hot air balloon

 

As you’ll hear in the opening minute of the video, we were told to meet at Yering Station. In the time it took to get from my suburb over to Yarra Glen, as I passed (and was passed by) a surprising amount of traffic on the back roads of winery country, I had woken up a little thanks to the sip of old coffee that was leftover in the percolator and had begun to wonder what on earth I was doing. After all, yes, they might be graceful, giant pendants of the sky – but they went a long way up! What if we lost control and floated up and away in the manner of the Wizard of Oz? Or come crashing down to earth?

These were the thoughts that went through my mind as we bundled in to the van that was waiting to take us to the launch area – a place that had yet to be determined; out of the 70 possibilities, our pilot was on his mobile talking to the pilots of the other two operators, as to where we should go on this still and cloudy morning. The decision was made and we headed off to Coldstream airport. Once the balloon was up, we climbed into the oversized wicker basket and we were away – very quickly, without any fanfare, we shot up. I made eye contact with the woman next to me and I could tell she had the same thought I did: “Oh, okay, this is it!”

You can’t hear it in the video, because I dubbed over it with music, but on our way up you can hear me take very audible deep breaths, interspersed with, ‘It’s okay, it’s okay’. It was unnerving, but I managed to get my thoughts under control. The clouds rolled in and soon we were enveloped, feeling the dampness on my cheeks and unable to see the ground made things a little better – I could imagine the ground was right underneath us. But then the pilot lit the burner again and we ascended again, popping out on top of the clouds to the sight of this:

 

Clouds in the Dawn

 (Shot straight out of the camera)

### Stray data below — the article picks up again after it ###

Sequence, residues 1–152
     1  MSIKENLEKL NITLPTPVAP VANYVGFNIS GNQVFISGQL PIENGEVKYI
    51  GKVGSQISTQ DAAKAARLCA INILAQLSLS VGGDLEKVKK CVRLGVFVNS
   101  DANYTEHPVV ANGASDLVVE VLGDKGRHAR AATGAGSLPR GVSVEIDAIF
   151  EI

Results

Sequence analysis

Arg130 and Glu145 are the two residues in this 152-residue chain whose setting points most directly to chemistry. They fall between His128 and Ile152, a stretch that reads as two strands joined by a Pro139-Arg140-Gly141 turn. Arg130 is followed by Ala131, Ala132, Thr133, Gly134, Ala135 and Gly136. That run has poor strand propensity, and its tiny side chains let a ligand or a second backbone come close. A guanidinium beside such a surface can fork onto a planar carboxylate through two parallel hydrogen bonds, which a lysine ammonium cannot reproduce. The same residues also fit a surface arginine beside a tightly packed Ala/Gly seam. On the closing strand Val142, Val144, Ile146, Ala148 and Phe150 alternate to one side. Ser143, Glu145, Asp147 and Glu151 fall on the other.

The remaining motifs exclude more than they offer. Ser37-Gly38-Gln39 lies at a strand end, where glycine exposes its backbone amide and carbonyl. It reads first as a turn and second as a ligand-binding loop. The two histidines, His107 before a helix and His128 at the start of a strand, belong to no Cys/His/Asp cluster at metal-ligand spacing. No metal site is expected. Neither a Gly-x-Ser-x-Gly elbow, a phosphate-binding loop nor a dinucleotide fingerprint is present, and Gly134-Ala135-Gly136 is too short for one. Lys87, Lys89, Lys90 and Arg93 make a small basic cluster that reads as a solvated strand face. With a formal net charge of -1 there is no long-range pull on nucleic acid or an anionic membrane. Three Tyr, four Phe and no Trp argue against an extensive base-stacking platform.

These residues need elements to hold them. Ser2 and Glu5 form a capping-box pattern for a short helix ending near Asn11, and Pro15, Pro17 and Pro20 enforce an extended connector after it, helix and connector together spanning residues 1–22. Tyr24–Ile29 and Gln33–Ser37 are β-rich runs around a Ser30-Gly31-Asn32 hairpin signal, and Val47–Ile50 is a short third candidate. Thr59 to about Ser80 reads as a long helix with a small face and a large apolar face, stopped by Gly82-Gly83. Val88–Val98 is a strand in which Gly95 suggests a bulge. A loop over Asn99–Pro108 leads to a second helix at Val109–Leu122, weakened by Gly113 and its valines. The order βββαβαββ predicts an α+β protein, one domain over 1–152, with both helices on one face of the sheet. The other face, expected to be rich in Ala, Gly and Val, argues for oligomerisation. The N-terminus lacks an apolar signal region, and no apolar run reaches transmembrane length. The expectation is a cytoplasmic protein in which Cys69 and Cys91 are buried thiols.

It was like that moment in Mary Poppins where she takes Bert and the children up on a plume of smoke to survey the beauties of twilight London. I forgot all my anxieties – briefly – and just enjoyed the sight; a fleeting sight, too, as the balloon then dropped back through the clouds and we drifted along. At least twice, the balloon descended almost to the ground – if I’d wanted, I could’ve jumped off the side and landed without breaking any bones (the thought did cross my mind!). I could tell several passengers, like me, were far more comfortable at this cruising speed, just above the tops of the vineyards and orchards. I realised the pilot kept doing this to show off when he drifted over a small dam, just inches above the water (well, the back corner did get a little wet). Then we landed in a paddock and it was over – as the balloon deflated, we were invited inside to look at it, and it was a beautiful thing to behold. Parties have been known to be held in balloons in similar states (they are huge and keep out the wind). Wouldn’t that be marvellous!?

All up, it was a wonderful experience – a combined Christmas present from both my sister and mother (and the rest thrown in by me). They’re not cheap (and I bought mine through Groupon) and there was an expectation to both help set up the balloon and pack it down at the end. Fine by me, but I could tell some people weren’t expecting that. And my right arm was hurting the following day until I realised why – I was gripping the strap on the balloon very, very hard. The left arm was left for shooting, which I did, and hopefully you like the photos. The company I went with was Go Wild Ballooning, if you’re interested.

Another tick done! Next up? Paris!

inflating balloons

other balloons

Looking towards the north

Yarra Valley

inside a deflating balloon

Deflating balloon

hot air balloon 1

karen-portrait

Karen Andrews is the creator of this website, one of the most established and well-respected parenting blogs in the country. She is also an author, award-winning writer, poet, editor and publisher at Miscellaneous Press. Her latest book is Trust the Process: 101 Tips on Writing and Creativity